New technology tracks role of macrophages in cancer spread

October 26, 2020

Macrophages, cells that help engulf and destroy harmful organisms in the body, tend to be characterized as the Jekyll and Hyde of the immune system.

Macrophages are essential first responders in fighting off infections and marshalling other immune cells to the scene. But they also play a major role in contributing to the growth and metastasis of many cancers, especially breast and pancreatic cancer.

New studies at the Morgridge Institute for Research paint a far less simple picture of macrophages, however. Rather than just "good" and "bad" populations, they find a surprisingly wide range of functionality, and better defining those differences may lead to more effective immunotherapies to fight cancer.

Writing this week in the journal Cancer Research, Morgridge researcher Tiffany Heaster and colleagues describe using a combination of technologies to better reveal macrophage function and behavior. The team applied fluorescence imaging to measure the precise metabolic activity of cells, then combined it with 3D microfluidic technology allowing them to see, in real time, how the cells migrate and what role they play.

Importantly, the technologies helped them identify a distinct population of macrophage cells that migrate very actively toward cancer cells in their model -- ones that may have outsized importance in promoting cancer growth. They used both mouse and human cells in the study and found comparable results, indicating this could be a powerful tool for examining the therapeutic potential of macrophages.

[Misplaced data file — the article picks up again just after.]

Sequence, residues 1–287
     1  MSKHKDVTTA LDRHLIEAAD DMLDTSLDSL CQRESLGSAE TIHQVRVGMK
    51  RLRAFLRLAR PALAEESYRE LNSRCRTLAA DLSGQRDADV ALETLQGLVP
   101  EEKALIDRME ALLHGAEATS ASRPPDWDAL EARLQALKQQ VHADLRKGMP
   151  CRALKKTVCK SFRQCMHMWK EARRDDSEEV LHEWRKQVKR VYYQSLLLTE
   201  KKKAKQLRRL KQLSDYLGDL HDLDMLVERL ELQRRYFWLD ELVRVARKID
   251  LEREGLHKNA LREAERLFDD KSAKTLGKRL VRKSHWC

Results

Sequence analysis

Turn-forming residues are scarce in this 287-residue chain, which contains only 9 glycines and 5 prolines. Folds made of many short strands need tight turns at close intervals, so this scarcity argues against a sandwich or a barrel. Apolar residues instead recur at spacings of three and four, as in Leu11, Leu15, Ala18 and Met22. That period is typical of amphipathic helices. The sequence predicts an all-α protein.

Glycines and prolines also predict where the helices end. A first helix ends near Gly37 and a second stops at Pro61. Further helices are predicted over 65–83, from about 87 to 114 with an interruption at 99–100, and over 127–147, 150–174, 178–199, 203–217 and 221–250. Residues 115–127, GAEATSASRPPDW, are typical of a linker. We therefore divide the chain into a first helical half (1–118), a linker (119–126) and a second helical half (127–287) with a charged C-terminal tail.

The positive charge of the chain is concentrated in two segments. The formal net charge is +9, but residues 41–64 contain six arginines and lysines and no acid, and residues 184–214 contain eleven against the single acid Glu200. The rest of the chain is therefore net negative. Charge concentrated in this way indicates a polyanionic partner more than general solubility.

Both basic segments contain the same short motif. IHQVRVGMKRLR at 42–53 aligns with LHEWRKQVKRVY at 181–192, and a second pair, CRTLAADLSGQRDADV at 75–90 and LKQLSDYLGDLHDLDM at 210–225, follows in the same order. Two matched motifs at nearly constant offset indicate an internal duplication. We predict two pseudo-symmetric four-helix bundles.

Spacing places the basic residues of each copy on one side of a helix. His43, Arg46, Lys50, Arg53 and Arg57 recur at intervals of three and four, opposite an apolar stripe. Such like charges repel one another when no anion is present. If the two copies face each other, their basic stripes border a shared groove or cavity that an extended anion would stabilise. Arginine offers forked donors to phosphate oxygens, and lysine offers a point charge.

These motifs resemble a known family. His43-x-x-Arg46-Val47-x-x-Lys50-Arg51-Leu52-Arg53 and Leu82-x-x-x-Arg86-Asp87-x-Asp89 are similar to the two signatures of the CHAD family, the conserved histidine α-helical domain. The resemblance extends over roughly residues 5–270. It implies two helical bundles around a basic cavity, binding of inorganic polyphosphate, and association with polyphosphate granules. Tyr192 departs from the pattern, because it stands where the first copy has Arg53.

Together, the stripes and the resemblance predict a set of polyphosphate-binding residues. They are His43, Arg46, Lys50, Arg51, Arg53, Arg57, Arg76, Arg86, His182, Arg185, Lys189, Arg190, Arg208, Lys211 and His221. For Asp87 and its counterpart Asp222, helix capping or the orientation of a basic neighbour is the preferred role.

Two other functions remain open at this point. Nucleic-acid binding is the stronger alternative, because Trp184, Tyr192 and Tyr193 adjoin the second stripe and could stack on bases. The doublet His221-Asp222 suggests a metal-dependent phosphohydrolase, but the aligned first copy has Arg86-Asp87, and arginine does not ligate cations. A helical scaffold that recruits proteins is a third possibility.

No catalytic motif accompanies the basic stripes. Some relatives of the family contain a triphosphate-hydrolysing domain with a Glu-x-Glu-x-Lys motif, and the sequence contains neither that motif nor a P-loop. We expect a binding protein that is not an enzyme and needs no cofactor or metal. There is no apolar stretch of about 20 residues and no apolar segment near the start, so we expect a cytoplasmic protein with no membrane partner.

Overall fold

"There seems to be more of a spectrum of macrophage phenotypes, and it's been really hard to get at what these phenotypes look like with standard measures," says Heaster, who is now a senior researcher at Genentech after completing her PhD in biomedical engineering at UW-Madison. "We really need to understand these better before we can target the bad macrophages and promote the good ones."

Today, scientists classify two types of macrophages that operate in the tumor micro-environment, Heaster says. The first, called M1, actively kill cancer cells through methods such as piercing or eating the cells and stimulating secondary immune responses. The second, M2, actively support tumor growth by suppressing immune recognition and promoting blood vessel growth (angiogenesis).

They also appear to be a major culprit in metastasis. "There have been studies that have visualized how macrophages kind of latch on to each other and direct traffic (of cancer cells) toward the vasculature to escape," she says.

Heaster says there is a very small subset of immunotherapies that target macrophages today, but they have limited uses compared to other immune cells, such as T cells, because they are poorly understood.

Heaster conducted the research in the lab of Melissa Skala, a Morgridge investigator and professor of biomedical engineering at UW-Madison. Skala says the key innovation is the convergence of two powerful technologies that give scientists a new way to study cancer. Skala is the lead developer of photonics-based technologies to develop personalized treatment plans for cancer. The microfluidics advances originated in the lab of Dave Beebe, a UW-Madison biomedical engineer and co-author on this project.

"Tiffany's technology is helpful because it provides that single-cell resolution, and it provides spatial information so you can understand how different populations of macrophages are behaving metabolically, and how they're distributed throughout the tumor," Skala says.

Addressing macrophages with immunotherapy would help precisely because they are so diverse and may behave differently from one patient to the next, Skala says.

"It's one piece in a complex puzzle to promote anti-tumor immunity," Skala says. "Right now, most of the focus is on T-cells. But macrophages also orchestrate this anti-tumor immunity, so I think a lot of the therapies that are targeting immune involvement are also affecting macrophages. We're trying to understand how."
This project was supported by the National Cancer Institute, the National Science Foundation and Stand Up to Cancer.

-- Brian Mattmiller,

Morgridge Institute for Research

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